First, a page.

Daily Archives: September 11, 2014

Timeline of mega-earthquakes in Indian Ocean recreated

Washington: Researchers recently reconstructed the mega-earthquakes timeline in Indian Ocean and examined sediment records to unveil region’s tsunami potential.

The study on the frequency of past giant earthquakes in the Indian Ocean region showed that Sri Lanka, and much of the Indian Ocean, was affected by large tsunamis at highly variable intervals, from a few hundred to more than one thousand years.

The findings suggested that the accumulation of stress in the region could generate as large, or even larger tsunamis than the one that resulted from the 2004 magnitude-9.2 Sumatra earthquake.

Researchers from the University of Miami (UM) Rosenstiel School of Marine and Atmospheric Science and the University of Peradeniya in Sri Lanka collected and analyzed 22 sediment cores from Karagan Lagoon, Hambantota in southeastern Sri Lanka, to expand the historical record of giant earthquakes along the Sumatra-Andaman subduction zone, where the Indo-Australian plate and Eurasian plate meet.

Using sand deposited in the lagoon during the 2004 Indian Ocean tsunami and seven older paleo-tsunami deposits as proxies for large earthquakes in the region, the scientists reconstructed the timeline for mega-earthquakes along the Indian Ocean’s plate boundary from Myanmar to Indonesia, assuming that the tsunamis were all generated by large earthquakes.

The Dec. 26, 2004 M-9.2 Sumatra earthquake resulted in a trans-oceanic tsunami, with wave heights up to 100 feet (30 meters) in some places, which impacted much of the Indian Ocean region causing widespread damage in southeastern Sri Lanka.

During the 7,000 year record of Indian Ocean tsunamis preserved in the sediment, the research team found evidence that estimated the time period between consecutive tsunamis from 181 years and 1045 years. The longest period was nearly twice the time period prior to the 2004 earthquake.

Falk Amelung, professor of geophysics within the department of Marine Geosciences at the UM Rosenstiel School, said that a scary result was a 1000 year time period without a tsunami , which was nearly twice as long as the lull period prior to the 2004 earthquake, which meant that the subduction zone was capable of generating earthquakes almost twice as big as in 2004, although they don’t have any evidence yet that this actually happened.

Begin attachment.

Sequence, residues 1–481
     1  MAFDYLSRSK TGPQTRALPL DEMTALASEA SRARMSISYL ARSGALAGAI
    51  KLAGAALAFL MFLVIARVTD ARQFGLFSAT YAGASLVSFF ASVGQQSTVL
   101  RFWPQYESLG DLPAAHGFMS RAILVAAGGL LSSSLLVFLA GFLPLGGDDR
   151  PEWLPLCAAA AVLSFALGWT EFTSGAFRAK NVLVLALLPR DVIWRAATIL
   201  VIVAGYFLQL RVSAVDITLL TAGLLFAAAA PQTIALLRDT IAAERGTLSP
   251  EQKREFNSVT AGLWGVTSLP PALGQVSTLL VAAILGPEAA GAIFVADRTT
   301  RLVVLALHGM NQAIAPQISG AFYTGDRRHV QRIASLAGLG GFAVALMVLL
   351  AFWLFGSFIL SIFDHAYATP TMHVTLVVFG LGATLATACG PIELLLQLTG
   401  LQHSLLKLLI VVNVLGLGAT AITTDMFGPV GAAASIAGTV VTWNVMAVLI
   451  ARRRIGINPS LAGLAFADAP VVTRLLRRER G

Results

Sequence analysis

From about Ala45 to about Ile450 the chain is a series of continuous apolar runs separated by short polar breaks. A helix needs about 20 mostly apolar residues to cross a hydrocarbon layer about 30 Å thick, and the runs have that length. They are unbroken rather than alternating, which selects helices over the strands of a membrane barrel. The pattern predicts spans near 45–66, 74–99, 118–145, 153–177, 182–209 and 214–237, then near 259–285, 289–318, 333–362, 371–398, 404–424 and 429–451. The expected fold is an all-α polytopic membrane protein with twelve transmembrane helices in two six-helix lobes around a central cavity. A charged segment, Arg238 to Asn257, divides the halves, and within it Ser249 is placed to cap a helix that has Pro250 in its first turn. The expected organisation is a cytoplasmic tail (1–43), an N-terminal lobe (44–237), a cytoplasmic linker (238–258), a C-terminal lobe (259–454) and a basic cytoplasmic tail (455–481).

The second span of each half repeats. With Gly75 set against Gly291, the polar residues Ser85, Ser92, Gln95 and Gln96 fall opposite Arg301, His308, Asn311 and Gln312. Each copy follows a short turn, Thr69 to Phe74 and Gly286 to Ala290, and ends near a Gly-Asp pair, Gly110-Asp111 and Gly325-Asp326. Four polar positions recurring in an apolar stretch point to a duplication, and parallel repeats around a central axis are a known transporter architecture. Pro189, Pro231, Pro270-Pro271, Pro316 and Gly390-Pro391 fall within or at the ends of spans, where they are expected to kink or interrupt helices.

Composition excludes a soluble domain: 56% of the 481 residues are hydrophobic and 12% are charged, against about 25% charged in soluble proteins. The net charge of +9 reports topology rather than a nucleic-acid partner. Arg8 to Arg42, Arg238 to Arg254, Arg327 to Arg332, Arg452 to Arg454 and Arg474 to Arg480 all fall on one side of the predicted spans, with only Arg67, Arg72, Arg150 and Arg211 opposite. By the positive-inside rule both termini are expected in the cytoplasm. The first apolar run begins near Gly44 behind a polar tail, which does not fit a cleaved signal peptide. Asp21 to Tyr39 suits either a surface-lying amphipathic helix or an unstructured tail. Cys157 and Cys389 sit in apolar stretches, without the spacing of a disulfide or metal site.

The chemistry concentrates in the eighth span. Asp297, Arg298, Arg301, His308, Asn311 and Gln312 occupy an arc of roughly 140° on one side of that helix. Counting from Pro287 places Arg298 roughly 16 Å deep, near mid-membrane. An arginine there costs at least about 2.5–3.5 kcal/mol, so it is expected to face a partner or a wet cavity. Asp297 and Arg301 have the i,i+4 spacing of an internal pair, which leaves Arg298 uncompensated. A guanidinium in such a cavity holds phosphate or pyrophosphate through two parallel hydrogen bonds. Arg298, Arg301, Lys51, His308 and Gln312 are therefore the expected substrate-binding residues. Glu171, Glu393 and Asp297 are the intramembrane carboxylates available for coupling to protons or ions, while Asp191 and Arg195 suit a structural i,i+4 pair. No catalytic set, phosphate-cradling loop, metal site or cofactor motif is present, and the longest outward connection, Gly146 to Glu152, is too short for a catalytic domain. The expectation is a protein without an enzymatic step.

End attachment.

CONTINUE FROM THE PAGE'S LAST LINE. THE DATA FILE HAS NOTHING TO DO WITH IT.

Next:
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Strong solar storm heading to Earth, scientists say ‘don’t worry’

A strong solar flare is blasting its way to Earth, but the worst of its power looks like it will barely skim above the planet and not cause many problems.

It has been several years since Earth has had a solar storm of this size coming from sunspots smack in the middle of the sun, said Tom Berger, director of the Space Weather Prediction Center in Boulder, Colorado.

The flare on the sun barely hits the “extreme” on forecasters’ scale, but with its worst effects missing Earth it is only looking “potentially strong” at most when it arrives at Earth as a solar storm, he said.

New calculations from satellite data show that the worst of the energetic particles streaming from the sun likely will go north or above Earth this time, Berger said late Wednesday.

So while the power grid may see fluctuations because the storm will cause changes in Earth’s magnetic field, it won’t knock power systems off line, Berger said. It may cause slight disturbances in satellites and radio transmissions but nothing major.

“We’re not scared of this one,” Berger said.

The storm is moving medium fast, about 2.5 million mph (4.02 million kph), meaning the soonest it could arrive is early Friday. But it could be later, Berger said.

Solar storms occur often, especially during peaks in the solar cycle, and don’t directly harm people.

“There’s been a giant magnetic explosion on the sun,” Berger said. “Because it’s pointed right at us, we’ll at least catch some of the cloud” of highly energized and magnetized plasma that can disrupt Earth’s magnetic sphere, which sometimes leads to temporary power grid problems.

On the plus side, sun flares expand the colorful northern lights so people farther south can see them. But don’t expect them too far south, Berger said.


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Barack Obama: Will hunt down terrorists who threaten our country